I've been wanting to sew for a week. Really. And this time I have a legitimate excuse for not sewing.
We all have heard on the news about this huge snowstorms that hit the DC metro area last week. I experienced it firsthand. And in any state where the average annual snowfall is more than 8" this amount of snow would probably have not been a problem. Unfortunately, this area is not accustomed to heavy amounts of snow in a very short span of time, so they don't have the knowledge and/or resources to handle it the way that I'm used to - remember, I'm from Michigan and snow doesn't scare me.
It started on Friday, the 5th. School was let out early. I'd already been shopping and was prepared for not being able to go anywhere for a week or so. It snowed pretty hard the entire afternoon and evening and the street was silent and white - very pretty. I couldn't sleep because the streetlights were reflecting off of all of that snow, making it very light outside. Then, around 3:00 am, I saw flashes of multi-colored light in the sky outside that lit up my room. It was the transformer for the neighborhood. Almost immediately the light show ended the power in the house went out and all of the streetlights shut off. Not having anything else to do, I went to sleep, hoping that the power would be on when I woke up.
No such luck. When I woke up (Saturday, the 6th) the temperature in the house was 65 degrees. I can handle that because my father left our house hovering around 62 degrees when I was a kid. It's cold enough that you can wear a sweater indoors comfortably. I was slightly concerned about the baby, so I put some leggings on him under his fleece overalls. He generally doesn't get cold easily - he's like his dad. We went about the day as usual, although it was hard to wash hands at all because the water was too cold. Thank goodness for hand sanitizer! I managed to get the front walk and part of the driveway shoveled out in little bits between going back inside to check on the kids, who were constantly at each other. Gwyneth had no concept of 'we have no electricity' so she couldn't understand why she was unable to watch a DVD or play on the Wii or why the lights in the bathroom wouldn't turn on.
I kept hoping for the power to come back on, because in Michigan I'd never experienced a power outage during a snowstorm and when we did lose power at all it always came back on pretty quickly. By late afternoon it looked like we were going to be without power overnight, so I got the fireplace going in the family room and told the girls we'd be camping in there for the night. I managed to scrounge up some dinner that was pretty good, thanks to my Girl Scout camp skills. With chicken breast (hey, it was already thawing!), carrots, and potatoes I was able to make some foil dinners that the kids actually ate. I let them have the last of the thawing vanilla ice cream for dessert. Thankfully, we had enough wood courtesy of the neighbor's woodpile and I had a ton of candles, so we could see and we were pretty warm.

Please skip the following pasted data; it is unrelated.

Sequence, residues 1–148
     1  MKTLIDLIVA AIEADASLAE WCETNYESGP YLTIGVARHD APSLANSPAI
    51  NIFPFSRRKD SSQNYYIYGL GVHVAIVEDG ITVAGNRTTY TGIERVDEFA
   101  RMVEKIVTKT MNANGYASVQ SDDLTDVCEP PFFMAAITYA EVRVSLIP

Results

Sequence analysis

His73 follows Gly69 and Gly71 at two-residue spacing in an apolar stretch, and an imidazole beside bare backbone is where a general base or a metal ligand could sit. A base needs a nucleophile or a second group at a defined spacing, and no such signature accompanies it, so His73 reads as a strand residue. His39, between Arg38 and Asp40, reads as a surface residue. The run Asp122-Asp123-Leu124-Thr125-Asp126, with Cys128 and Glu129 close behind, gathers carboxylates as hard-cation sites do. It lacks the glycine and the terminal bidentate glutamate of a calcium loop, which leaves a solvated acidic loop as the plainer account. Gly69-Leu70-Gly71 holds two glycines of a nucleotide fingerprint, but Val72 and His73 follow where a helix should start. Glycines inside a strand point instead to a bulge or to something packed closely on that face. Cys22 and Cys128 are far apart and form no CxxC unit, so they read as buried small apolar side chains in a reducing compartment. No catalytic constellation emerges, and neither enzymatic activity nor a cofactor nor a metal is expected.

My main concern was how cold it would get overnight and I called Scott. We'd been in contact throughout the day and he was concerned about the temperature inside, too. He reminded me of our friend, Ron, who lives nearby and told me to call Ron in the morning to see if he still had power.
Next morning (Sunday, the 7th) was freezing! We woke up to a temperature of 47 degrees and it only went up to 48 degrees after a roaring fire was going. We ate breakfast bundled in blankets and quilts and then I called Ron. Thankfully (again), he had power and when I told him how cold it was in the house he said he'd be right over. I was ecstatic! I should add that it was my birthday and this rescue was really the highlight of the weekend so far, although my girls gave me some yummy bath products from Lush and a bear that they made a Build-a-Bear when my sister-in-law took them shopping the previous weekend.
Ron took us to his house, where I was able to get a shower finally and the kids were able to get warm. Ron's wife, Kelly, and stepson made me a delicious chocolate cake to celebrate my birthday that evening, so I couldn't have asked for better. The weather was so bad and the snow was so copious that we ended up staying at Ron's house until Saturday morning (yes, that's the 13th and yes, the power was already back on) and when we came back the road still wasn't plowed out, even though it had been a week since all of the snow had started. Ron shoveled out the drive for me again and then took off to PA to pick up Kelly's kids who were visiting their grandparents.
One last thing to be thankful for: Scott came home on Sunday - Valentine's Day! - which was just about the best Valentine's Day present I could have gotten.
So, lots of things to be thankful for. I'm thankful that I had the skills to survive a day and night without power. I'm especially thankful for my Girl Scout-y skills at campfire cooking. I'm thankful that Scott came home. But most importantly, I'm extremely thankful for good friends like Kelly and Ron, who put us up for a week, fed us and rescued us from freezing conditions. Once again, I'm humbled by the goodness of people around me. Ron, you're truly a friend.